The Papua Commission on Information (KIP) has ruled that the Papua office of the Land Agency (BPN) should open up information on palm oil concessions in Papua to the public, Papua Legal Aid Institute (LBH Papua) Director Simon Pattiradjawane said on Tuesday (10/7).

The verdict, dated May 28, 2018, came following a challenge submitted by LBH Papua to the commission on March 12, 2018, Pattiradjawane told The Palm Scribe by telephone from Papua.

“The verdict concerns the HGU (rights to cultivate/exploit state-owned land) of 31 palm oil plantation companies in Papua,” he said.

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In the verdict, the KIP ordered BPN Papua, in line with the demand made by LBH Papua, to make public information on the HGU held by palm oil companies in Papua, with details of the name of the title holders, the location of the concessions, its total surface, type of commodity as well as an area map of the concessions with coordinates.

Pattiradjawane said that if BPN did not file an appeal, “then the verdict of KIP Papua is already legally binding.”

Melke Mentang, the legal counsel of BPN Papua, could not be immediately contacted for comment but he was quoted by Mongabay as having said that BPN Papua will not appeal. He was also quoted as saying that the institutions will make the information requested public, stressing that not the entire HGU document would be released but only the requested information.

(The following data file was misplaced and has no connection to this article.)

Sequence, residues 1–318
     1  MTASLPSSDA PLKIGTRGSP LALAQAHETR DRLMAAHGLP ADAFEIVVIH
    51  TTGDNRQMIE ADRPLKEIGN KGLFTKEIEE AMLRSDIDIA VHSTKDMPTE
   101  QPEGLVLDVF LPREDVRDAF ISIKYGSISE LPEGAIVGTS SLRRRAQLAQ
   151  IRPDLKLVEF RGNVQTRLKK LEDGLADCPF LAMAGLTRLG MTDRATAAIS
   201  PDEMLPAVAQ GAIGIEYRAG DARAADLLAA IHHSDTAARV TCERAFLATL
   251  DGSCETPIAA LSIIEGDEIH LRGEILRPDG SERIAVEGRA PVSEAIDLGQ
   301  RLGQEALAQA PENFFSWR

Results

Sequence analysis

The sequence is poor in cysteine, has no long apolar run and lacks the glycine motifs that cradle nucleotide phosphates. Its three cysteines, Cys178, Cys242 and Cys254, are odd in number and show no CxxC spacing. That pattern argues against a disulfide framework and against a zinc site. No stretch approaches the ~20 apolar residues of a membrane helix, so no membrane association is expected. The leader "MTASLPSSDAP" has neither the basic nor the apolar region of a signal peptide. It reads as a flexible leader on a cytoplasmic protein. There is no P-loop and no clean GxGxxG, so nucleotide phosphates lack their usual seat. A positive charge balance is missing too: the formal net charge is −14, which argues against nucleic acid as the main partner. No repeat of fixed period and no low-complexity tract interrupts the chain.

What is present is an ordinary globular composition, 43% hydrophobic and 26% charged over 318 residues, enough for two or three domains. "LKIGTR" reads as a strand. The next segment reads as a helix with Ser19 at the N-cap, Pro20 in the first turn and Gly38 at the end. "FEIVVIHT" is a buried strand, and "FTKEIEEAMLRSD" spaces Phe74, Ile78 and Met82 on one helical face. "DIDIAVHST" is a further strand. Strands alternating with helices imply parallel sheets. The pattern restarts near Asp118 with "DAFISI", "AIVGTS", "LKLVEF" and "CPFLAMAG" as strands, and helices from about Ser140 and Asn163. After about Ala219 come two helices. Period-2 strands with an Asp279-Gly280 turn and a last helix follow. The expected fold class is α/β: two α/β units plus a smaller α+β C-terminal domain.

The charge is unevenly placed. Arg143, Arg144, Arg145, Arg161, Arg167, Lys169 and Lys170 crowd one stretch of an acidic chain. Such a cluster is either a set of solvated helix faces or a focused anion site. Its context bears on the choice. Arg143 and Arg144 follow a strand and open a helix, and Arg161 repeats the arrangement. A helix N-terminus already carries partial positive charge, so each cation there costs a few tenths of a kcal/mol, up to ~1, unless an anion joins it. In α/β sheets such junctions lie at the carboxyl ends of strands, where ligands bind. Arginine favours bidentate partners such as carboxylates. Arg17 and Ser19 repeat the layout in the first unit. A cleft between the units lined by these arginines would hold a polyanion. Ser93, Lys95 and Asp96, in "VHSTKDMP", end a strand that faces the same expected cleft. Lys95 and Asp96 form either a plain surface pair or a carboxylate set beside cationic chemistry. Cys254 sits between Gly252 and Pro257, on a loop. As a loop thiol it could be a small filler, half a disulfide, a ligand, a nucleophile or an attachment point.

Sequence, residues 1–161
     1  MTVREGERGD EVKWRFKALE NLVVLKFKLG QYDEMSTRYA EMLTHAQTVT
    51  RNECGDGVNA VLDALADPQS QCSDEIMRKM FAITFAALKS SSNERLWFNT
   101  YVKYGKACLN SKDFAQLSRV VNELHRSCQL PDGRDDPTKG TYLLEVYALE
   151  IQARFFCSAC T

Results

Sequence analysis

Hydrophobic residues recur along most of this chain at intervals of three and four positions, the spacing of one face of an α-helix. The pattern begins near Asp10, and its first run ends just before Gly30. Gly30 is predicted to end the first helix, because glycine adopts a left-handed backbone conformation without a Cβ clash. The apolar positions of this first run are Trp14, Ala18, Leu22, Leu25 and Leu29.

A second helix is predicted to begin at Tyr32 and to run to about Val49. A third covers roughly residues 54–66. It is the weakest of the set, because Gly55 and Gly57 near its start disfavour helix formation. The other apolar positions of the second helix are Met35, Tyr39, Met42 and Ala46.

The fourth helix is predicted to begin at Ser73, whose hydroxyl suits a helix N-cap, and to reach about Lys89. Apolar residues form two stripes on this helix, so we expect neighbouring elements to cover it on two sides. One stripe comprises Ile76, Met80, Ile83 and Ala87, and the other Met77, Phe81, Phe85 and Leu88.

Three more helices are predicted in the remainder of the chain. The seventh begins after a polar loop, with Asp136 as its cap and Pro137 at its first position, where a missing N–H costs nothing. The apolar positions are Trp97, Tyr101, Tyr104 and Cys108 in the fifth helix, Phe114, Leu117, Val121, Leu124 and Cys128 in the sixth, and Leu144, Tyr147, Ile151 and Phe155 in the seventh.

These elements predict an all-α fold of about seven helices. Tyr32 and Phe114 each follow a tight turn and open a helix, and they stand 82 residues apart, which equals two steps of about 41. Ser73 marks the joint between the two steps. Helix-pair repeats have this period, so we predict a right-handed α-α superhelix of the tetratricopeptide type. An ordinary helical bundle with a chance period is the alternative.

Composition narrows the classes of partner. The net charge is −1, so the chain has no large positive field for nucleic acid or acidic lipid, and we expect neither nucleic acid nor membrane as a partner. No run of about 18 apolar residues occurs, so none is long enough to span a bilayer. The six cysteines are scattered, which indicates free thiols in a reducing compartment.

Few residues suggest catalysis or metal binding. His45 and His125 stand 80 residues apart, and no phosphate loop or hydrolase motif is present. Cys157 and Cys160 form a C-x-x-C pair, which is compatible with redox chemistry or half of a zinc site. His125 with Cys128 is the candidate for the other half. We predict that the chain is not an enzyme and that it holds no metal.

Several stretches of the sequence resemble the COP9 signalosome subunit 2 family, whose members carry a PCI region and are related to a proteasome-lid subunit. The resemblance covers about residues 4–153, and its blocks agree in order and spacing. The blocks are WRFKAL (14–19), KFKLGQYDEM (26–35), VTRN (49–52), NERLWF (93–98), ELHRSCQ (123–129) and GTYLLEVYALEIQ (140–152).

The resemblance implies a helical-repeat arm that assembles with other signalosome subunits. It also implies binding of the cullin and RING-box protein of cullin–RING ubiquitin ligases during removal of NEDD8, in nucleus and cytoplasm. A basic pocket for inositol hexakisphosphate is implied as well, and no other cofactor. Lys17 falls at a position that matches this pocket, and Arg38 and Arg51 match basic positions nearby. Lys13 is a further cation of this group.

Pattiradjawane said that the Central Commission on Information had already ruled in 2015 that the HGU documents are public documents and the ruling had been upheld by appeal courts both at state administrative court level and at the Supreme Court level.

However, he said that a demand made by LBH Papua to make the HGU documents of the palm oil plantation public was rejected by BPN Papua and therefore the challenge was filed to KIP Papua.

“Our request was rejected by ATR/BPN which argued that the document was secret in nature and was an information that is exempted from being made public,” Pattiradjawane said.

He said that the secrecy surrounding the HGU documents and the inability of the public to access the information on these documents have often lead to land conflicts between palm oil companies and the local communities.

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